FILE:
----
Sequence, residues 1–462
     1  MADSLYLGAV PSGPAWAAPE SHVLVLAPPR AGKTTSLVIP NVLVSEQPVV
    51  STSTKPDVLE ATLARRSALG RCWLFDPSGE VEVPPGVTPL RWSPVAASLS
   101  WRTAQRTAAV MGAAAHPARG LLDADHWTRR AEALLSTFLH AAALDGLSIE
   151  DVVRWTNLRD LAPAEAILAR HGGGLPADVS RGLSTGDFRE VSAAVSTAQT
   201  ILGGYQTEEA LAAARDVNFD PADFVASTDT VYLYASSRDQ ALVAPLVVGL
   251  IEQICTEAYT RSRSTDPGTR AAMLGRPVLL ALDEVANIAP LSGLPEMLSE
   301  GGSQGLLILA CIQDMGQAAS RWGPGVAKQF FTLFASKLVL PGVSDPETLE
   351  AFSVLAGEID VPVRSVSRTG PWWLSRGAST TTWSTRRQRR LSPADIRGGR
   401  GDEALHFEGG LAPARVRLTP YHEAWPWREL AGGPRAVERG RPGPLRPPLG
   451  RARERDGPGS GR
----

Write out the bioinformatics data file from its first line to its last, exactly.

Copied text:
Sequence, residues 1–462
     1  MADSLYLGAV PSGPAWAAPE SHVLVLAPPR AGKTTSLVIP NVLVSEQPVV
    51  STSTKPDVLE ATLARRSALG RCWLFDPSGE VEVPPGVTPL RWSPVAASLS
   101  WRTAQRTAAV MGAAAHPARG LLDADHWTRR AEALLSTFLH AAALDGLSIE
   151  DVVRWTNLRD LAPAEAILAR HGGGLPADVS RGLSTGDFRE VSAAVSTAQT
   201  ILGGYQTEEA LAAARDVNFD PADFVASTDT VYLYASSRDQ ALVAPLVVGL
   251  IEQICTEAYT RSRSTDPGTR AAMLGRPVLL ALDEVANIAP LSGLPEMLSE
   301  GGSQGLLILA CIQDMGQAAS RWGPGVAKQF FTLFASKLVL PGVSDPETLE
   351  AFSVLAGEID VPVRSVSRTG PWWLSRGAST TTWSTRRQRR LSPADIRGGR
   401  GDEALHFEGG LAPARVRLTP YHEAWPWREL AGGPRAVERG RPGPLRPPLG
   451  RARERDGPGS GR